Using the framework set forth by Gary Hayes and Laurel Papworth (and expanded on by Valeria Maltoni) I’d like to continue the mini-series on using social media for sports marketing. Last time we talked about how to involve, and for this post I’d like to discuss how to begin the second phase, creation.
Creation boils down to making relevant content for communities of interest. Re-read that line, it doesn’t say make relevant content for your own interest, though I suspect the most successful bloggers are certainly interested in their niche and the value they can bring to the community.
If you take one thing away from this post, it should be that it is about your fans, and your customers, not about you. Read the Cluetrain manifesto to help you understand what the market wants.
So where does creation start?
There are so many different communication channels, and different mediums to produce content on that sometimes it is tough to know where you should start. Personally, I think a blog is the best place to start because it is a great hub from which you can branch off to other platforms. My friend Andy Drish likes to say that your blog is your home, and Twitter is happy hour, and I like that analogy.
Twitter is certainly the hot tool right now, but there’s only so much you can convey in 140 characters. Why not create content via your blog (or video i.e. YouTube), and then connect with people, promote your content, etc. via Twitter, social networks, Digg, etc.
Starting Your Blog:
Determine what you’re passionate about and where you can contribute the most value. See if there’s a hungry audience (or a market) for the kind of content you want to create. Start writing. If you’ve been taking the time to get acquainted with what is already out there via the involve stage, than you probably already have a good grasp of these things.
If you’re reading this blog, then chances are you’re very passionate about Sports. That’s great, but the chance of starting a really successful general sports blog is tough because there are already so many out there. You really have to find your unique value proposition and do something innovative.
Look at what Lewis has done with Sports Networker. He found a niche and has done a tremendous job exploiting it and providing value where there was a gap in the content currently being produced. Nobody was talking about sports networking, just like nobody was talking about Awful Announcing before that blog came along.
Pumping Out Content:
I know this sounds silly, but don’t sweat the quality of your content right at first. Start pumping out content as often as you can and let your readership grow, and then react. React to the kinds of things people are responding about, leaving comments to, and extending the conversation about.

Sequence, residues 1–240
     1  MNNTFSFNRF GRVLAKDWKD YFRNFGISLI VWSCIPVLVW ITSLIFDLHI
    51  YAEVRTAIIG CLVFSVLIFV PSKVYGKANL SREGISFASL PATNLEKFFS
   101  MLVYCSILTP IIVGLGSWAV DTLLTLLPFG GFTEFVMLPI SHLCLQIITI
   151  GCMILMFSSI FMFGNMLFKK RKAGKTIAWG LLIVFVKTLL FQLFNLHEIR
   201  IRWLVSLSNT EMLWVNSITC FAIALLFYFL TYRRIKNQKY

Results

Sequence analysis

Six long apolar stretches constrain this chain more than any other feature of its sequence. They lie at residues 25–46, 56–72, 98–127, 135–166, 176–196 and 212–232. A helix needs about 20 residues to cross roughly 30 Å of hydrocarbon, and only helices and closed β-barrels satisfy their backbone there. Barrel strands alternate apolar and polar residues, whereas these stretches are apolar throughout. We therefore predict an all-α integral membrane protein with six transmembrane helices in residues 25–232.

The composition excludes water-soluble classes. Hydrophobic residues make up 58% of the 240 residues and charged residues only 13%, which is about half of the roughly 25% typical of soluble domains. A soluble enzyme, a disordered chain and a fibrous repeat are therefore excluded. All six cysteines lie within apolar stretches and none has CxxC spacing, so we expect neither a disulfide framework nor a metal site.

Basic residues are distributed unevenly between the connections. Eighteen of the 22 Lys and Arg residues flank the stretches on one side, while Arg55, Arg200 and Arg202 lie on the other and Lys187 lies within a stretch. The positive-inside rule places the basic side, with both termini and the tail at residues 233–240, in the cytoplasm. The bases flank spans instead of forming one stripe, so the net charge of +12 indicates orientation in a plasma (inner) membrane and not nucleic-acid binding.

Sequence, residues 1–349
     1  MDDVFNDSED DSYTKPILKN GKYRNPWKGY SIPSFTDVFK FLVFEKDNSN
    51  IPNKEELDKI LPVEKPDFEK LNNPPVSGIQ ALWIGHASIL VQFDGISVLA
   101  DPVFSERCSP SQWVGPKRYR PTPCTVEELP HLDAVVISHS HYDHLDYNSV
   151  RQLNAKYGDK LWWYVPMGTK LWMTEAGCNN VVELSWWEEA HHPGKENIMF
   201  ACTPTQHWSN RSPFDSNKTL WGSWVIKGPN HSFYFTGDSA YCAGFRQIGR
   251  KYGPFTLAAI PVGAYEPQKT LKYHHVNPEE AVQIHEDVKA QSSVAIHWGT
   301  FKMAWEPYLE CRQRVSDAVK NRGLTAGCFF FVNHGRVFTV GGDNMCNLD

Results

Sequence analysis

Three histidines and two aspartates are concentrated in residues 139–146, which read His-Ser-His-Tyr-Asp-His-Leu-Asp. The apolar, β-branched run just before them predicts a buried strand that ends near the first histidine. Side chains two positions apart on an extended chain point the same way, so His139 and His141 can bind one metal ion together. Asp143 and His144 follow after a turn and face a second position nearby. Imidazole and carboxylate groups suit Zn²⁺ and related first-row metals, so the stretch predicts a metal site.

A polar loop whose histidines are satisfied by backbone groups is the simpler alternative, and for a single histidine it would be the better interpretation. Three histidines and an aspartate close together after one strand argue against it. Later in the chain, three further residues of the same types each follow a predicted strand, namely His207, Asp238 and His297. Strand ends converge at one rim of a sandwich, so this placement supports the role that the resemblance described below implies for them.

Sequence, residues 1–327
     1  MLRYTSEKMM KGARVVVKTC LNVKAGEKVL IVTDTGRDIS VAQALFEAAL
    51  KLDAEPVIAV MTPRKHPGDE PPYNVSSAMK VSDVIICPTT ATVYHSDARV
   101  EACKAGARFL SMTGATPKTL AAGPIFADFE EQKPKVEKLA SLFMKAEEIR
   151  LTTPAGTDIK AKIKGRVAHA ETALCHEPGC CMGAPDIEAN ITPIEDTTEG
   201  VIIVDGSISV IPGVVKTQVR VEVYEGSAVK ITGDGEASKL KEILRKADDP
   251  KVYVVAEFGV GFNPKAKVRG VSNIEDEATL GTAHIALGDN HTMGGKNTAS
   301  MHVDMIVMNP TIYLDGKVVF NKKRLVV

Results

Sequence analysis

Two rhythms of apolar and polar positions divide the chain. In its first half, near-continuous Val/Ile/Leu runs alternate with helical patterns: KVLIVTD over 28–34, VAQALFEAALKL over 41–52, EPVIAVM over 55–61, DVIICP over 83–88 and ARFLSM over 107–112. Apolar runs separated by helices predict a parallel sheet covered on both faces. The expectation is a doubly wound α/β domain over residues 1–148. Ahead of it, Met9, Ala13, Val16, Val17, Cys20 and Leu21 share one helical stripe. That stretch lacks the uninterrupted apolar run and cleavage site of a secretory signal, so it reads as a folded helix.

For example, the first post I wrote on this blog about Twitter, and there was a huge response. I get it, I know people love Twitter, but remember that Twitter is a lot like Happy Hour. It’s a lot of fun, and you can go to it quickly and connect with a lot of people. After quite a few interactions you can start building real business relationships, but at some point you have to go home, and that’s your blog. Twitter should be a compliment to your other social media initiatives, not your one stop shop.
I know all of this, which is why I have tried to steer the conversation a bit, but I will inevitably go back to Twitter (most likely in my next post), because I know that’s what you guys want, and that’s invariably what is most important.
Re-Evaluation and Refinement:
After a few months, you will probably be a lot more comfortable with the content you’re creating via your blog. You will know what appeals to your audience, and where you can provide the most value. Hopefully, you’ll have a well-defined unique selling proposition that you can use to market your content to others moving forward.
This is the perfect time to take a step back and determine which route you want to go next? What is working? What isn’t? Do you want to keep writing about this particular topic? Do you want to quickly accelerate your readership?
It is important to periodically include this step in your content creation process because it enables you to hone in on what your goals are, and what steps you can take to achieve them.
Are you thinking of starting your own blog about sports, sports marketing, etc.? Have you used this approach or some of these techniques to develop your blog? How do you use Twitter as a compliment to your blog?
Feel free to reach out to me in the comments section about any questions you might have about creating content to build your sports brand. I will do my best to answer every single one. And stay tuned for our next installment when I talk about the 3rd phase of using social media to build your sports brand, discussion.
Ryan is an Associate Media Analyst at Sports Media Challenge where he helps champion social media strategies for sports, lifestyle and entertainment brands. In his spare time he serves as a social media consultant who is passionate about the power of web 2.0 and its ability to cultivate conversations, build relationships and spread of ideas. Feel free to leave your thoughts on his article in the comments section below, connect with him on his blog at Ryan Stephens Marketing or on Twitter @ryanstephens, and read the rest of his bio here.